tfdchief

Minister of Fire
Nov 24, 2009
3,336
Tuscola, IL
myplace.frontier.com

begreen

Mooderator
Staff member
Nov 18, 2005
78,033
South Puget Sound, WA
Cudos said:
I have a PE super27 that was installed on a proper hearth and proper specs in relation to the surrounding walls (bare tongue & groove spruce). The stove is in a corner and the distances from the back corners of the stove are within PE safety requirements.

Now I have taken the temps of the wood with an IR gun at the rear corners where it gets hottest with the stove at max operating temps. These temps are usually around 110 - 131F. Is it true that the ignition point of wood is around 500F. While the walls feel quite warm they are not overly hot to the touch. Being bare wood should I cover them, even though they are the proper distance away from the stove.?

Thanks.
We have the Alderlea in a corner install and see the same temps. You are correct, wood ignites around 450F. Your walls are in no danger at those low temps and will be ok up to about 180F, and that is with a healthy margin of safety. Got hot water heat? Often those pipes pass in direct contact with wood with 180F water passing through them.

Enjoy the nice new stove and don't worry about the walls. As long as the stove was installed correctly, respecting the tested clearances, it will be fine.
 

CarbonNeutral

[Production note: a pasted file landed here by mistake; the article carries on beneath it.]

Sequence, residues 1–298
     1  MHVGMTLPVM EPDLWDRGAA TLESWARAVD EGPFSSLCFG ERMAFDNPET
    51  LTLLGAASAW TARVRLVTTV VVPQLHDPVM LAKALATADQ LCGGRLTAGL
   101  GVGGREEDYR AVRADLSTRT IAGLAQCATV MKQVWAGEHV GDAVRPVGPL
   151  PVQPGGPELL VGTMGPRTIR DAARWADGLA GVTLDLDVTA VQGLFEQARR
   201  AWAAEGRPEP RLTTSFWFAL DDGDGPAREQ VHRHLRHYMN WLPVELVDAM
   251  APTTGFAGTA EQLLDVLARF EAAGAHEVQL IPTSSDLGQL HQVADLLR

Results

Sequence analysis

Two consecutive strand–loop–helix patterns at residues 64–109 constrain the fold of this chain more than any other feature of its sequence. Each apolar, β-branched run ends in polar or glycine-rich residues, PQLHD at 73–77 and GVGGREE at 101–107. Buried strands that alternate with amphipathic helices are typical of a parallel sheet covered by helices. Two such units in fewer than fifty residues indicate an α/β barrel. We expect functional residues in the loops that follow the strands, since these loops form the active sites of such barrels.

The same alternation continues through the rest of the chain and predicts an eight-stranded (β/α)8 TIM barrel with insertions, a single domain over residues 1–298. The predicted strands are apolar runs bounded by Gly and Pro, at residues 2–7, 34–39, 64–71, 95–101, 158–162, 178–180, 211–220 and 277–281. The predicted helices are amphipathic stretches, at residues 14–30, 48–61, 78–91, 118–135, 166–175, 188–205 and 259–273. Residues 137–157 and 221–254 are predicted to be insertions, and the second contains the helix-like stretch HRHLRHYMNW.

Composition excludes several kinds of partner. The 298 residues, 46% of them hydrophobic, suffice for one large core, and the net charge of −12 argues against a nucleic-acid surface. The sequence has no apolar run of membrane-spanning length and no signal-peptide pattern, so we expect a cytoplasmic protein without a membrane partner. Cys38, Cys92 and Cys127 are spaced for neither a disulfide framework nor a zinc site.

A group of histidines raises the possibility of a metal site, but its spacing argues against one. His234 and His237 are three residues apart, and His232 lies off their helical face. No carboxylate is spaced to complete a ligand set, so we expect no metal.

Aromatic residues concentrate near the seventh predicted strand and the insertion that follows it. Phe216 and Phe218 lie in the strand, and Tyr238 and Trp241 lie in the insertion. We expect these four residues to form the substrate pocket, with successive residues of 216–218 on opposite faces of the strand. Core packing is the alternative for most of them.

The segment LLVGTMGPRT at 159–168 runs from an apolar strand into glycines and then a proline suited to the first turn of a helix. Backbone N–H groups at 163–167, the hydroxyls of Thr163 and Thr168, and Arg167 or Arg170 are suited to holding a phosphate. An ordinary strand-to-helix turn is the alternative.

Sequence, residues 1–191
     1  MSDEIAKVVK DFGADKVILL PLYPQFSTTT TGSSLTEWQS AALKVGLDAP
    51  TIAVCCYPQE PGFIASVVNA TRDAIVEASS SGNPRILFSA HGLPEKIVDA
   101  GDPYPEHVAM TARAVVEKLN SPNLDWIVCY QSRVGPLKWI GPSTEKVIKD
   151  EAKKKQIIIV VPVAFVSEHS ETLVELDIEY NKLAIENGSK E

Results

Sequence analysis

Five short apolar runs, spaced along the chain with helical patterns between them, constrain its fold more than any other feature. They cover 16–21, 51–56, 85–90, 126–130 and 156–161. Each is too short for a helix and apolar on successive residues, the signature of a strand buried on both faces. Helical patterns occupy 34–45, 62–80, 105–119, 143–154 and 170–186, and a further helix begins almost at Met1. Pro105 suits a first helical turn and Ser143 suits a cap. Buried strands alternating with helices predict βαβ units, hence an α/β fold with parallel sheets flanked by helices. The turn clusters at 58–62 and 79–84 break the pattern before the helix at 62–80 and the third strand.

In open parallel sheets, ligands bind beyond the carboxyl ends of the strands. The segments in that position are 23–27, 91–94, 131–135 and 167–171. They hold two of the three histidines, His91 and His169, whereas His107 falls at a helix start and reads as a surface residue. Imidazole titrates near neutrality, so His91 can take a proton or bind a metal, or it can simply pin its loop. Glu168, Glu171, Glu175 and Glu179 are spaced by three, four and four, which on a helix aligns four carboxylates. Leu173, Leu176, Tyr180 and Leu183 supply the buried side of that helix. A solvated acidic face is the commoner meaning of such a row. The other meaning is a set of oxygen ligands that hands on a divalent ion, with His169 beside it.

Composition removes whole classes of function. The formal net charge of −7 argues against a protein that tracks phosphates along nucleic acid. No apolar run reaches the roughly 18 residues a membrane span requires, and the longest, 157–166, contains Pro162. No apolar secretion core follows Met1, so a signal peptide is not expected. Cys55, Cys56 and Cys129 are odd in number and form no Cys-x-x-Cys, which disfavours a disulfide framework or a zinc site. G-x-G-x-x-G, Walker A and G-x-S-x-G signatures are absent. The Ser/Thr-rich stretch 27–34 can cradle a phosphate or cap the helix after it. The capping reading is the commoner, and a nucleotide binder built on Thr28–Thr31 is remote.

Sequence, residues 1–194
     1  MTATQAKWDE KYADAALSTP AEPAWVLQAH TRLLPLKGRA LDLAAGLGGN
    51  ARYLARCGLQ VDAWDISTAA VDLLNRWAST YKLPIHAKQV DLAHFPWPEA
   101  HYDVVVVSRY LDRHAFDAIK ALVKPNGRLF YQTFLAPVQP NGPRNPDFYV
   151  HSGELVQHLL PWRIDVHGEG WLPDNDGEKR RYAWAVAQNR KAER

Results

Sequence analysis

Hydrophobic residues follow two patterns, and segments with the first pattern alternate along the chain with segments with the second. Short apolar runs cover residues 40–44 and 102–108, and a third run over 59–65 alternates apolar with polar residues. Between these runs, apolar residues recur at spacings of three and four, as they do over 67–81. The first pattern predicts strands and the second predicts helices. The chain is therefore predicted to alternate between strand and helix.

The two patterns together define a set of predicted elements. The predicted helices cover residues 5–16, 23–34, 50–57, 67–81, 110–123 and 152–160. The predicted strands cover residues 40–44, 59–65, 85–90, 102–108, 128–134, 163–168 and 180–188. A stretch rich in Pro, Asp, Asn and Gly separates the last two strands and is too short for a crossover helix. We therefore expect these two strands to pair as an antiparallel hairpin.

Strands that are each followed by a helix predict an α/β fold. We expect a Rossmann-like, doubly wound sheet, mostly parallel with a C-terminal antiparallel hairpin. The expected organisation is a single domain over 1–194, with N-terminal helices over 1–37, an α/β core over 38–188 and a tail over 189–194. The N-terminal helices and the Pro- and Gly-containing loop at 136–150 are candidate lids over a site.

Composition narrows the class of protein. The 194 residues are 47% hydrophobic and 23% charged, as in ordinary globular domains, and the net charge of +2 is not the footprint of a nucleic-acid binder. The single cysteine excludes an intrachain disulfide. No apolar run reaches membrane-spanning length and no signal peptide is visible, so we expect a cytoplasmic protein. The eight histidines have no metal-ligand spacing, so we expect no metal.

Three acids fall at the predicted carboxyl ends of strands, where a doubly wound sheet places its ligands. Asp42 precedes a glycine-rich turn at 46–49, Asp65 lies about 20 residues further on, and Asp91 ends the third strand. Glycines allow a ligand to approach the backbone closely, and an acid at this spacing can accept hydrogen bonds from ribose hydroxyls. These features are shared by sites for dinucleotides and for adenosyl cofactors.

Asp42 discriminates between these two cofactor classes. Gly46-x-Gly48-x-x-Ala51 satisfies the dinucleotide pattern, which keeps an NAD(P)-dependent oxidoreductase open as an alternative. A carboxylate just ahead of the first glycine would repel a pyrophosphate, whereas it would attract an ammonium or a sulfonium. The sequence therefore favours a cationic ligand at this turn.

Minister of Fire
Jan 20, 2009
1,132
Nashoba Valley(ish), MA
tfdchief said:
Dakotas Dad said:
There is no set answer, lots of variables..

try here.. http://www.doctorfire.com/low_temp_wood1.pdf
This one really got me! I have been in the Fire Servie for 32 years and would never have thought this could happen from such a low heat source!
Yeah, I don't believe that paper - there must be something else at play - an isolated incident when millions of homes have hot water pipes passing through and touching wood.
 

r_d_gard

Member
Nov 9, 2009
124
Maryland - USA
www.cff.org
Cudos said:
I have a PE super27 that was installed on a proper hearth and proper specs in relation to the surrounding walls (bare tongue & groove spruce). The stove is in a corner and the distances from the back corners of the stove are within PE safety requirements.

Now I have taken the temps of the wood with an IR gun at the rear corners where it gets hottest with the stove at max operating temps. These temps are usually around 110 - 131F. Is it true that the ignition point of wood is around 500F. While the walls feel quite warm they are not overly hot to the touch. Being bare wood should I cover them, even though they are the proper distance away from the stove.?

Thanks.

Ignition temp of paper is 451°F, if that helps any
 

begreen

Mooderator
Staff member
Nov 18, 2005
78,033
South Puget Sound, WA
rayza said:
Ignition temp of paper is 451°F, if that helps any
Bradbury's book left that number permanently inscribed on my brain cells.
 

Battenkiller

Minister of Fire
Nov 26, 2009
3,739
Just Outside the Blue Line
polaris said:
No wood could suffer auto ignition at 130 degrees. If it would there would not be a deck/roof left in the southwest.
Ha, ha! True enough. Not just in the SW either. I was stunned to take an IR reading on my wood pile and found temps after only a few hours in full sun were in the upper 130s. This was in October. Can't imagine how hot that wood got during that hot, dry heat spell we had early this summer.

I'd have to say that if you are following the manufacturers clearances, I think you are probably safe for any normal (up to 750º) burn temps . Still, it makes you leery when just before you go to bed you point that laser dot at the low basement ceiling and those floor joists are 145º... in spite of the fact that you have exceeded the recommended clearances by a healthy margin.